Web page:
Why Companies Still Aren’t in a Firing Mood

Even as recession fears swirled last year, companies were reluctant to let workers go. What will the rising hope of a soft landing for the economy do for the job market?


Justin Lahart

Jan. 4, 2024 5:30 am ET


A lot of people spent much of last year convinced that the U.S. was on the cusp of a recession—including those in charge of hiring and firing workers.

Lately, though, with the economy continuing to grow even as inflation has been coming down, those recession worries have moderated. This might not lead to a reacceleration of job growth, but it could set the conditions for the labor market to not cool as much over the next year as many economists and Federal Reserve policymakers expect.

Economists have been lowering their recession odds lately, and so are American companies, to judge from recent earnings calls. In the fourth quarter, 239 transcripts of earnings calls included the word “recession” at least once, according to FactSet. This was the fewest since the first quarter of 2022, when the Fed had only recently begun its series of rate hikes, and well below 790 registered in the fourth quarter of 2022.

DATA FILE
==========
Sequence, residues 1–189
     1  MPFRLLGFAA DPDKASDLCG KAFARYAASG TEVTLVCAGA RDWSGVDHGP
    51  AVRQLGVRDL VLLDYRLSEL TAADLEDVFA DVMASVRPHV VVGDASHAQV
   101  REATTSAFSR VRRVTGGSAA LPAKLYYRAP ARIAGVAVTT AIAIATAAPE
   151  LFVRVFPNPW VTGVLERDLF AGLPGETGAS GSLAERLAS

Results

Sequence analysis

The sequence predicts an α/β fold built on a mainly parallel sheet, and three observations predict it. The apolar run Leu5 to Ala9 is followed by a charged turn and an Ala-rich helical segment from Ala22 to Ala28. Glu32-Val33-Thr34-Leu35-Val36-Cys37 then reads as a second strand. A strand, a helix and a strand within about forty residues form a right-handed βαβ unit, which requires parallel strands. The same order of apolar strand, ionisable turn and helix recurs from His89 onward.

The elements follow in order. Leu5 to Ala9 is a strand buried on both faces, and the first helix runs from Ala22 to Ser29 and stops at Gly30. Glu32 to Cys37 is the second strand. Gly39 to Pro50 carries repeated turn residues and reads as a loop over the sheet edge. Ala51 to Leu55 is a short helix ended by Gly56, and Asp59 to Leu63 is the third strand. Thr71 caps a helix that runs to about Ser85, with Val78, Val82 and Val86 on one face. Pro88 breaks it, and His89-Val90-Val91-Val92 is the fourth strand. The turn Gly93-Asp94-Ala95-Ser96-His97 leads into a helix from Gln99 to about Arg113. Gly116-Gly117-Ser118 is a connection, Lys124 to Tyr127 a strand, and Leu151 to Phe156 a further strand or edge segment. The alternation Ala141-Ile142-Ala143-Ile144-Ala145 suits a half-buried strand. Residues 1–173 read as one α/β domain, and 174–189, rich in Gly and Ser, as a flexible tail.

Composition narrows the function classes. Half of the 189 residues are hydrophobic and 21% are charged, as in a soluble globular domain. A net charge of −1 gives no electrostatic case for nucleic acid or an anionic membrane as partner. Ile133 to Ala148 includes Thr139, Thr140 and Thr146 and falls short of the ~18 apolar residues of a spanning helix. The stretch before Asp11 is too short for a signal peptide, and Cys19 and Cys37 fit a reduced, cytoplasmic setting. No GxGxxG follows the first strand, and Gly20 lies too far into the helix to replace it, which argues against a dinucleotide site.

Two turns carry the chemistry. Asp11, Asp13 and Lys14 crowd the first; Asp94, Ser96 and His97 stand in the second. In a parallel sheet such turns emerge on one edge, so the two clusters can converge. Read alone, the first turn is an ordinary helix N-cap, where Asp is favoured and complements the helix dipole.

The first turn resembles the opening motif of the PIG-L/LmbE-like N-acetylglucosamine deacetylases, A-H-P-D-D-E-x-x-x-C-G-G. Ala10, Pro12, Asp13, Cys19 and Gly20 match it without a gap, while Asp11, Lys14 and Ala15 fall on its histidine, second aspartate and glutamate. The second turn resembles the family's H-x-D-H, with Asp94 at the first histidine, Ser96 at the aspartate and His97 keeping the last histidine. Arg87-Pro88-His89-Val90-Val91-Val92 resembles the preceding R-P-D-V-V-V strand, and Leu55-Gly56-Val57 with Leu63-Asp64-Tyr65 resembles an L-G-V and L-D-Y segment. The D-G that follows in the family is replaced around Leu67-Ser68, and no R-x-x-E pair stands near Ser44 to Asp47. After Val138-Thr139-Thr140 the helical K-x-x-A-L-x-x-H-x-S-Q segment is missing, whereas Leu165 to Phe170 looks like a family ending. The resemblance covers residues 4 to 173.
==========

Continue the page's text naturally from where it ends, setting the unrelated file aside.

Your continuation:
What is curious is that, even as companies kvetched about a coming recession, the economy kept adding jobs. Economists polled by The Wall Street Journal expect Friday’s employment report to show a gain of 170,000 jobs in December from November. That would equate to a gain of 2.7 million in 2023—fewer than 2022’s 4.8 million but, outside of the pandemic period, the strongest year for job growth since 2014.

One reason for this might be that, even though companies thought the economy’s prospects were bad, they didn’t judge their own prospects so poorly. A survey-based index compiled by Duke University and the Federal Reserve Banks of Atlanta and Richmond shows that CFOs’ optimism about the U.S. economy fell sharply in 2022 and only recently started showing signs of recovery. But their optimism about their own companies didn’t take much of a hit.

For employers, shedding workers when the business is doing well, even if they think a recession is coming, usually isn’t wise. A recession forecast is merely a forecast and, if the economy defies expectations, refilling jobs can be challenging. This could be part of what is behind the “labor hoarding” dynamic that has been in place in which employers have been reluctant to let workers go. The Labor Department on Wednesday reported that a seasonally adjusted 1.5 million people were laid off in November. In 2019—a good year for the job market—an average of 1.8 million people were laid off each month.